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Education Advocacy at the Oklahoma State Capitol

Representative Dell Kerbs with Members of the Shawnee Association of Classroom TeachersWe all went into education to help kids — not to drive to Oklahoma City and lobby lawmakers. 

But advocating for our students and our schools has become a necessity after years of budget cuts and flat wages. 

We have to be the voice for kids. 

You represent the kids in your district, and those kids can’t lobby for themselves. 

The most effective way to do that is face-to-face, whether that’s at the capitol or in your hometown. 

Lucky for us, talking about our work — the job of educating children — is usually easy. What’s more important to our communities and our state than educating children? 

Your story matters

Legislators are always hearing from all kinds of constituents and interest groups, so they need to hear from teachers, support staff, and retirees, too.

It’s important for legislators to put a face to an issue.

Representative John Talley smiles with members of the Stillwater Education Association

For many of us, the more removed we are from a problem, the easier it can be to dismiss that problem. It’s easy to not reply to an email or to not return a phone call. It’s much harder to ignore a person standing in front of you.

An important thing to remember: you don’t have to be an expert in the intricacies of education policy. 

Legislators know the facts and figures. They know how much we’ve cut public schools. But what they probably don’t know is what that looks like in your classroom or in your school.

Tell the story about what’s going on at your school, in your town and in their district. We don’t want to say the sky is falling; we want to paint an accurate picture. After funding gains the past two years, legislators might not know the challenges that we still face, whether it’s crowded classrooms or outdated textbooks. They may not know many teachers still work a second (or third) job outside of school, and that no pay raises for support staff means living below the poverty line. They may not realize retired teachers are literally deciding whether to buy food or medicine.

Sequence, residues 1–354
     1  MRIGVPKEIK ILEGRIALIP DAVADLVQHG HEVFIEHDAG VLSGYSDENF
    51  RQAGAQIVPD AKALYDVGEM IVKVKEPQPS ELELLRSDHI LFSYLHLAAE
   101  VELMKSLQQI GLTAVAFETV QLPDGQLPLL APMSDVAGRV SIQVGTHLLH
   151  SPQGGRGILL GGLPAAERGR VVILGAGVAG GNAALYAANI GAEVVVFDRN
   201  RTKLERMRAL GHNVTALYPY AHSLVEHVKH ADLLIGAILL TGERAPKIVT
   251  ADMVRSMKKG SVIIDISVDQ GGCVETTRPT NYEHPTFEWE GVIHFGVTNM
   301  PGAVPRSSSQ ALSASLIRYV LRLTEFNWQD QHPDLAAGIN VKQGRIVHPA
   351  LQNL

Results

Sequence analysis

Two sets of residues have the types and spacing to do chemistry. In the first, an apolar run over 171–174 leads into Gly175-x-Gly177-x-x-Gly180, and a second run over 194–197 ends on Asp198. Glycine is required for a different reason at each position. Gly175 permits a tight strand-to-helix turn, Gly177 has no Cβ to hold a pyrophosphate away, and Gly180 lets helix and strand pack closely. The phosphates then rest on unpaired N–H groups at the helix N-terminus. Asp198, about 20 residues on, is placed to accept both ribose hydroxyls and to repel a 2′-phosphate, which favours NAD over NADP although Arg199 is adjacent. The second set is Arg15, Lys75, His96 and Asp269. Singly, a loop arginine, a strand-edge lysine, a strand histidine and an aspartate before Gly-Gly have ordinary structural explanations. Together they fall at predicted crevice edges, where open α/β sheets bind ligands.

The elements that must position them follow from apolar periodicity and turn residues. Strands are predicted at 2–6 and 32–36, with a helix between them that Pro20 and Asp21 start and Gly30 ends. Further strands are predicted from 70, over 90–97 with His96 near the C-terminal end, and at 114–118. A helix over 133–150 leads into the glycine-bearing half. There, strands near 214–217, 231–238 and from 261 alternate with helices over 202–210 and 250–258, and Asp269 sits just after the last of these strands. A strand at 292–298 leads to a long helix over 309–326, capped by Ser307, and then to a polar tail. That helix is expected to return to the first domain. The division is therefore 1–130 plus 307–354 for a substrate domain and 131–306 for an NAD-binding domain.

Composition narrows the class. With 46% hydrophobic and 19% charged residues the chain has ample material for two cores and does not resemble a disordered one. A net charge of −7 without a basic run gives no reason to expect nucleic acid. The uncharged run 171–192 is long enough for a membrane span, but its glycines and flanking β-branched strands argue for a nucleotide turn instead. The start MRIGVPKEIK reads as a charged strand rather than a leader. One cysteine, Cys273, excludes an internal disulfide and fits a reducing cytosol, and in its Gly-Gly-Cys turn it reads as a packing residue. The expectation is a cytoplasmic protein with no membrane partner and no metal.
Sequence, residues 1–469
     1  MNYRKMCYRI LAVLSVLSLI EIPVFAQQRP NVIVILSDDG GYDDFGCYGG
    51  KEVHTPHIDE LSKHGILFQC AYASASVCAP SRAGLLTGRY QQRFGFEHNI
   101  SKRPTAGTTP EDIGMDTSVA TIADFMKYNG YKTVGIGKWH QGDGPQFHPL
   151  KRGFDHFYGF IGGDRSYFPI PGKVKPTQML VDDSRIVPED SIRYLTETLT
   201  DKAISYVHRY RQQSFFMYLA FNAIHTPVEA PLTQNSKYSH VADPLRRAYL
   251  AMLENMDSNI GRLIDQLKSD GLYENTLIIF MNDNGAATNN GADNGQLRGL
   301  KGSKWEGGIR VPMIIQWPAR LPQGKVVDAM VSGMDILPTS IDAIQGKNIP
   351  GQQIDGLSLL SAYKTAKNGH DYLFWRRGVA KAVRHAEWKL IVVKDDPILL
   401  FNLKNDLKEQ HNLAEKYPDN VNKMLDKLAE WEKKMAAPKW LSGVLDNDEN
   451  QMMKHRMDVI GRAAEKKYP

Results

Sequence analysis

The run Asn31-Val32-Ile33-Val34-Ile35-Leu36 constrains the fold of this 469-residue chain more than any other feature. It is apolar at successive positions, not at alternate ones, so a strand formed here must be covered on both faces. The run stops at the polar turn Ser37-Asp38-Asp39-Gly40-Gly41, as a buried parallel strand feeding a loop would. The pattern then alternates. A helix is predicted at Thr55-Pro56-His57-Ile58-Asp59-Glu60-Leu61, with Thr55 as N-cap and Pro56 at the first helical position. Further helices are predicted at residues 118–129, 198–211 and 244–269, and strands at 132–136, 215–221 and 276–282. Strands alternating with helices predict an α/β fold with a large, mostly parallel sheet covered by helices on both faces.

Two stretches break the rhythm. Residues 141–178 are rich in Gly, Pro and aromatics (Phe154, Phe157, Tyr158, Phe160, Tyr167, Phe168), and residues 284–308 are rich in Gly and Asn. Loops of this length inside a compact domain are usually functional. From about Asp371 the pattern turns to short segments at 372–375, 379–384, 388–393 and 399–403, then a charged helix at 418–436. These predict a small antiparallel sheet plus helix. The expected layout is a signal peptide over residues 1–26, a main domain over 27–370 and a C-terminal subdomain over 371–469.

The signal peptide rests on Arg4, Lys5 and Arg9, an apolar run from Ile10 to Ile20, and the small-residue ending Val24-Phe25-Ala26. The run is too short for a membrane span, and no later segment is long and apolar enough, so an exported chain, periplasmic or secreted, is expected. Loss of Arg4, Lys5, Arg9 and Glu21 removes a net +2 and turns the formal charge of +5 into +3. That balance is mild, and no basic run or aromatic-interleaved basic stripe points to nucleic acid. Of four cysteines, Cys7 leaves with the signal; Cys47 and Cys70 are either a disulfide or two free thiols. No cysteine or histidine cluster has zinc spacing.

This session, be sure to thank lawmakers for what’s happened in the past two years, but also explain why we have more work to do. If we don’t continue that investment, we will end up right back where we were before the walkout.

When to lobby Oklahoma legislators

When you work in education, your number of personal days is extremely limited, so it’s important to make the most of your advocacy day. 

The point in session does not matter. Come when you can, whether it’s February or May. 

The day of the week doesn’t necessarily matter. 

Lawmakers are in session Mondays through Thursdays, but if you want to get the most out of your day at the Capitol, Tuesdays and Wednesdays are the best. 

Senator Carri Hicks smiles with members of the Putnam City Classroom Teachers Association

On Mondays, lawmakers don’t go into session until 1:30 p.m., so there’s a very small window of time to meet them before their workday begins, especially lawmakers who drive in from the far reaches of the state. 

On Thursdays, the legislature usually adjourns early, so lawmakers have the chance to get home that evening and be in their home districts on Fridays. 

Legislators are busy with meetings and the business of the floor, but they will usually do their best to make time for you. Legislative assistants will also help you find a time to meet your senator and representative.

How OEA can help

A speaker presenting to a room full of peopleEvery day of the session, members of the OEA Legislative and Political Organizing staff brief members at 9 a.m., and then everyone heads over to the Capitol. Breakfast snacks are provided. 

We’ll also provide you information about your individual lawmakers, both for where you live and where you work.

For many years, Tuesdays are usually our big advocacy days. We call them Together We’re Stronger Tuesdays. At lunchtime, members reconvene to debrief, and lunch is provided.